Develop a Strong Support System

At times during the course of the disease, a patient may feel anxious and lonely, shocked and angry, or settled and in control. It is important to recognize that this rollercoaster of emotions is natural. Pancreatic cancer, and its treatment, may also create certain physical symptoms such as pain, digestive difficulties, and fatigue. If poorly controlled, these symptoms can cause distress and may lead to a poorer quality of life. A strong support system, including family, friends, clergy, and a good medical team, will help a patient deal with these different aspects of pancreatic cancer.

A patient's family and friends will be important members of a support network. Patients may find comfort in talking to their support network about emotions and physical feelings on a day to day basis. Patients may also need members of their support system to help with practical aspects of house chores and daily living during periods of his care.

Family and friends may be experiencing similar emotions and stresses to the patient. Talking openly about them can often help everyone cope with pancreatic cancer.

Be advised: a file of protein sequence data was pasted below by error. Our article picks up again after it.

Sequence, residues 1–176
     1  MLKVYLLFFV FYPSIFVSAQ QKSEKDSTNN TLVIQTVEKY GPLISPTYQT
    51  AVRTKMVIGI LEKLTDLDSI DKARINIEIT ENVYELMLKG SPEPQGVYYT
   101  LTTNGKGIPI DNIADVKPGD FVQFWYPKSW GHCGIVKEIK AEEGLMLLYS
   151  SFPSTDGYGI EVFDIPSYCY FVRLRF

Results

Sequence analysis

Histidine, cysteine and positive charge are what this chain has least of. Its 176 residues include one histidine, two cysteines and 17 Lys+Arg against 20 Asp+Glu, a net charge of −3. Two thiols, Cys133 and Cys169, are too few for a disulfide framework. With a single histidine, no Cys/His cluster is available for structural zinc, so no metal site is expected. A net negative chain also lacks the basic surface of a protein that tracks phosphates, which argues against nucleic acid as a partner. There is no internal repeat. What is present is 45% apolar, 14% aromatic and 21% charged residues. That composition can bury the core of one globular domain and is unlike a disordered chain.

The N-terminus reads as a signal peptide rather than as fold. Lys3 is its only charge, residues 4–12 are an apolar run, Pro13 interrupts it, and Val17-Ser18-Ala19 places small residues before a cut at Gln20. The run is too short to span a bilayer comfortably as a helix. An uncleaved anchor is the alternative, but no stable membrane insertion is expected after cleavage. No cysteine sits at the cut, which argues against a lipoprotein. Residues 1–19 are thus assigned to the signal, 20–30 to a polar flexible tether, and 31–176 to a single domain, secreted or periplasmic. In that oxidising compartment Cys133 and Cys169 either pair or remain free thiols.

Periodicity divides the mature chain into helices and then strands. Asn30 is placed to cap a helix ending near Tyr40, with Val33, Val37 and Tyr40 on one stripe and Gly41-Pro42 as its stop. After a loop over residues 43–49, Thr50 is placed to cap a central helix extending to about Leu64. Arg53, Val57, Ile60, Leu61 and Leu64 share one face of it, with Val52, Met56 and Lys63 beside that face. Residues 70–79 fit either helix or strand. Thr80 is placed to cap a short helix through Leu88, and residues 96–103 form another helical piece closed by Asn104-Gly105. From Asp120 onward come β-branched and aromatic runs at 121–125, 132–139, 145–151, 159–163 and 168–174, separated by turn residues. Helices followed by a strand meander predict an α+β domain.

There may be times when patients may find comfort in writing in a journal, joining a formal support group, or seeking individual counseling. Patients may find it easier to fully express themselves in these settings. Additionally, patients may find value in talking with other individuals who are also dealing with cancer. Other patients can often validate feelings, share experiences, and provide companionship. Besides providing another source of information, support groups can provide opportunities for patients to help other people cope. Many find this process of helping other people with their care rewarding and empowering.

The medical team is also a significant part of a patient's support network. It is important for a patient to trust and be able to confide in members of his medical team. A patient should always feel comfortable discussing any aspect of his cancer with his medical team and to look for guidance on how to cope with new or chronic aspects of the disease.

Learn more about the Psychosocial Oncology Program at The Pancreas Center »
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